I doubt he is insane enough to actually crack open the drive itself – besides they nearly all have at least one torx screw holding them together to slow down the curious.

As to static, that won’t kill the data unless you are really unlucky or a walking Tesla-coil, but it will fry the electronics. If it is only a partial failure of the electronics then hooking it into a PC could be enough to get it running and salvage the data. Simple solution the shops I use have is just temporarily replace the electronics with a known good board, hook to a PC and clone the data.

The technique of cracking the case in a clean-room [class 100 or better] and directly reading the disks is a last resort and goes into the hundreds of dollars per disk/platter. The actual methodology used for reading varies from lab to lab and has a huge impact on cost.

You would be surprised just how much damage a drive can take before it is totally unrecoverable. Think ninja star cutout due to a catastrophic head-crash on a 10Krpm 8 platter drive. These days the disks are glass so DON’T DROP Them =P


I can’t elaborate much more on what @Vampyrr and @ITgeek have already said, but I will say,

Do Not Open the Drive Itself!

The contents are very fragile, and hypersensitive to dust and static. If the issue is electronic — something like the power supply or the data cable and interface, it’s a cinch to recover what’s on the drive. If, like my dear, departed WD MyBook it’s hit the floor once too often and something physical inside the drive is broken, or if the bearings have seized up, Thou Art Screw’d. Yes, there are data recovery services, but clean rooms don’t come cheap. The best deal I ever saw was $250 in the back of a magazine, but that’s been a while.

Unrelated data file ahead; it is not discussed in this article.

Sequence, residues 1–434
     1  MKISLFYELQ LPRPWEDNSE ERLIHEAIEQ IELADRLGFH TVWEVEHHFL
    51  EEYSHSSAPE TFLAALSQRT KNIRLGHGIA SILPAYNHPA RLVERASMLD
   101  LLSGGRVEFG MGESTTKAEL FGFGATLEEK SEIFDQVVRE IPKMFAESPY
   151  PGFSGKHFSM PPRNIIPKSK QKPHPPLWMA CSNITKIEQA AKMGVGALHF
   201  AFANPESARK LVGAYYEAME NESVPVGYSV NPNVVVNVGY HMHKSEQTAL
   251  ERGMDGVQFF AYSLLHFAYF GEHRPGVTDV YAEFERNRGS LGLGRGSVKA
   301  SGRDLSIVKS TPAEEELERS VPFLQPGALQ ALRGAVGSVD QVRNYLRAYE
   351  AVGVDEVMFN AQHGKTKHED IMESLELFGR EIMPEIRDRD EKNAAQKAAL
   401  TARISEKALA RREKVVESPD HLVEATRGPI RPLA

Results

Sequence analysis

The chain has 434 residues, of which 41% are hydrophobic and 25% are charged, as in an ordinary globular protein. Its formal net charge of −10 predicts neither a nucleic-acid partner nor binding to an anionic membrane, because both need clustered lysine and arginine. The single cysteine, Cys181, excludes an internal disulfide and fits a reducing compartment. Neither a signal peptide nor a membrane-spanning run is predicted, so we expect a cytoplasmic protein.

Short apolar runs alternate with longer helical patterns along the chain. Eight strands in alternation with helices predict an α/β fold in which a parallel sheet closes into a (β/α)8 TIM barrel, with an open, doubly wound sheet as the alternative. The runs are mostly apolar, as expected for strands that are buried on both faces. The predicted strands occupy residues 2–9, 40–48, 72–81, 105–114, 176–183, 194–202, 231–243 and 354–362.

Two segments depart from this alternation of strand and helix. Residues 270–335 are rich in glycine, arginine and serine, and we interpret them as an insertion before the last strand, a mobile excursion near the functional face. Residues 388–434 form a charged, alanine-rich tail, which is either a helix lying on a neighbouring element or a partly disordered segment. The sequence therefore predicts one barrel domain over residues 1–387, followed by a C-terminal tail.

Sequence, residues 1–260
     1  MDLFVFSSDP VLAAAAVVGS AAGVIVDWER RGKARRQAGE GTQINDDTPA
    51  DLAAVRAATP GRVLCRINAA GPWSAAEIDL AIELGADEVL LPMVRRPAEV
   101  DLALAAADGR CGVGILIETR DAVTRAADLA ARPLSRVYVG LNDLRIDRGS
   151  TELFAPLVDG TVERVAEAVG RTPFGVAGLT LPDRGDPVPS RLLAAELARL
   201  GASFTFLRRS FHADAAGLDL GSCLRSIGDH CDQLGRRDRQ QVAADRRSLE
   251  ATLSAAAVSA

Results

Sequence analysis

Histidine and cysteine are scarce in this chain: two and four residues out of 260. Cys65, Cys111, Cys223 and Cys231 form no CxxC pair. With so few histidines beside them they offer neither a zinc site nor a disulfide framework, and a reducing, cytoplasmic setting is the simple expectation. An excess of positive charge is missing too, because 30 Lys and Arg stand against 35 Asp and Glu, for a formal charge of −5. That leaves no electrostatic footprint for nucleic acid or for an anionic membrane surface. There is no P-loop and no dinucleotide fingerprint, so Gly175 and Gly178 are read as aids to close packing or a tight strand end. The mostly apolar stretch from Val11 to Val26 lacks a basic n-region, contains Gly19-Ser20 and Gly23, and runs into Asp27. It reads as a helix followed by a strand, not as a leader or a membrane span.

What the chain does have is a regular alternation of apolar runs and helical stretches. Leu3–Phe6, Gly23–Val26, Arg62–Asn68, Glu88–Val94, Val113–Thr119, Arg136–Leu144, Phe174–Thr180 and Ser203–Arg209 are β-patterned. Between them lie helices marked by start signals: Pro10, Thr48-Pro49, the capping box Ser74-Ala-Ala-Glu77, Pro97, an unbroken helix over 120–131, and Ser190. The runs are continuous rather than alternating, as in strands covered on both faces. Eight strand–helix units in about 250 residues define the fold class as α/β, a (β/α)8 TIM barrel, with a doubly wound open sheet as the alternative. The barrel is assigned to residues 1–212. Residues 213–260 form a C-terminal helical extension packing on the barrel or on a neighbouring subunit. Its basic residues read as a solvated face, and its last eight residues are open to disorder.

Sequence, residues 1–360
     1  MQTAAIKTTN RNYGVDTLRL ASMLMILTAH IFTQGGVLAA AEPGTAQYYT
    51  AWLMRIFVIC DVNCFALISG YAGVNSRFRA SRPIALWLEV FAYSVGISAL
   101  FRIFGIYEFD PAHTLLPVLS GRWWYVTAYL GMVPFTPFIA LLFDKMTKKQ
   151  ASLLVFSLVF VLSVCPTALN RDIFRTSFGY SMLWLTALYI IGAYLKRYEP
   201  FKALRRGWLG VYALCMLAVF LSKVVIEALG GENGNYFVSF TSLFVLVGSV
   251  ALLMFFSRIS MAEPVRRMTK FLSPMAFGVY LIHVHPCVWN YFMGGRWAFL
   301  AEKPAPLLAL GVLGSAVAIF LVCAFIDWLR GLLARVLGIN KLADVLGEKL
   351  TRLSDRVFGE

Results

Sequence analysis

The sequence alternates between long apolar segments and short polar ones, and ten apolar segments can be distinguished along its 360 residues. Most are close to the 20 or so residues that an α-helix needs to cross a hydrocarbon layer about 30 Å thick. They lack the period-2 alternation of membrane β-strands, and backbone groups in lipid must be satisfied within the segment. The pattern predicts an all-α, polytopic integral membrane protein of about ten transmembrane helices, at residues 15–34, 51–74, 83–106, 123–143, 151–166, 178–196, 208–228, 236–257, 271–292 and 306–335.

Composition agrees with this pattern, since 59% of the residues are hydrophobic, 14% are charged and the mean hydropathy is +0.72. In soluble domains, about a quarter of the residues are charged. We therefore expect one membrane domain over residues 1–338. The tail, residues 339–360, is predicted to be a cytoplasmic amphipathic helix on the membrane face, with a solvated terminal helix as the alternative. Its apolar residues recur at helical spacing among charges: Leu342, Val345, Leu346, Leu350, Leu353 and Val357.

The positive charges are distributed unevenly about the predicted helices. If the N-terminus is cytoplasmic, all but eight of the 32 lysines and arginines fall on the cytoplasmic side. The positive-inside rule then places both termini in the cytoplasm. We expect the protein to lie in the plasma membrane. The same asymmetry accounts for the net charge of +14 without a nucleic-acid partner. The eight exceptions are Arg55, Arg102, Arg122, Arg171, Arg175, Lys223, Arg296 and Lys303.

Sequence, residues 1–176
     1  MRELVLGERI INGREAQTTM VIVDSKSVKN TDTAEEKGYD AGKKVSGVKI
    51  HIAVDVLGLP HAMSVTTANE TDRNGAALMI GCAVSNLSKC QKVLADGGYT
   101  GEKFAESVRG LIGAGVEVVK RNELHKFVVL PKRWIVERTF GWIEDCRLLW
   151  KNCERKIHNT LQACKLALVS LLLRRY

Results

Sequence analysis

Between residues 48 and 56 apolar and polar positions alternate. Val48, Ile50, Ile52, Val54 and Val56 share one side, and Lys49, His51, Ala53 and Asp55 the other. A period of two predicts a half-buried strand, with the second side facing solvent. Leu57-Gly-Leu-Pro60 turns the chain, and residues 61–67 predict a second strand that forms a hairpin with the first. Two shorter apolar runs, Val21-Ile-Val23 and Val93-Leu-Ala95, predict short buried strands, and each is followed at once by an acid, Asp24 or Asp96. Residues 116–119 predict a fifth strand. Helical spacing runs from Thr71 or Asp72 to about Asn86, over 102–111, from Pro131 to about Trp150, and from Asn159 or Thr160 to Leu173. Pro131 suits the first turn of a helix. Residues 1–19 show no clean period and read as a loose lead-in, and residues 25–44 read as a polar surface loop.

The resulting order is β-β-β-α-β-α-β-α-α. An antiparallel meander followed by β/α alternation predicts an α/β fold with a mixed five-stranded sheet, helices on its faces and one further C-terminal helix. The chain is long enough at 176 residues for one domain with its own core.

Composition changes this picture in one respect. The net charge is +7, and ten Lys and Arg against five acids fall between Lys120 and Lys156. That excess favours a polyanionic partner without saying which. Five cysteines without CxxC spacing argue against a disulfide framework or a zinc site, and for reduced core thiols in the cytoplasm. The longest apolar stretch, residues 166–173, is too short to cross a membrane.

Trying to attach the drive directly to your new computer is the best idea. This takes the (possibly buggy) power and data interface out of the equation. I’m sure you know a geek who could help you through it the first time. I’d be glad to help, (Bachelor’s in Computer Science, yo — build my own desktops and external drives) but I’m out here on the Eastern Seaboard.

Good luck. Keep us apprised of your success — or otherwise.

I think the person in the background is Reggie. I expect him to be taken out by Ed, who is covering Nina’s…ah…rear.

(Using “flank” would be less amusing.)

Crave, this has nothing to do with the comic, your HDD issue, or … Well, anything discussed for the past five pages or so.

But you expressed interest in Batman: Arkham City, and I thought you should know that the GOTY version is due out the 29th of May.

Just in case you hadn’t already heard, you understand.

I like your comment about the instructions on the internet. I know how you feel. Recently, I purchased a box of old Super Nintendo, and old Gameboy Color games. Almost half the games, have a dead Save Battery. unfortunately, to get into the battery, I needed a special screwdriver that is manufactured specifically for getting into the cartridges.

It is a wonder, because I spent years thinking that when the save batter died, that was it.

Installing a hard drive in a PC is a matter of plugging in two cables. For a data transfer you don’t even need to screw it into place.

For a drive that won’t work… there’s a last-ditch effort. Put it in a plastic bag, put it in the freezer for 24 hrs, then put it in the PC and get as much data off it as you can before it quits again.

Yes, I know this is two years too late… but maybe you saved it on a shelf, for all I know??

Can’t decide if that silhouette in the last panel is Ed watching the perimeter or Brooksie sneaking away. The shape of the gun would suggest it’s Ed, but something about the head just says “Brooksie” to me.

This is way way late but I LOVE what you’ve done on this page. The dialog is hilarious, but what makes it work is the interesting perspectives, and the closeup of Nina’s smile.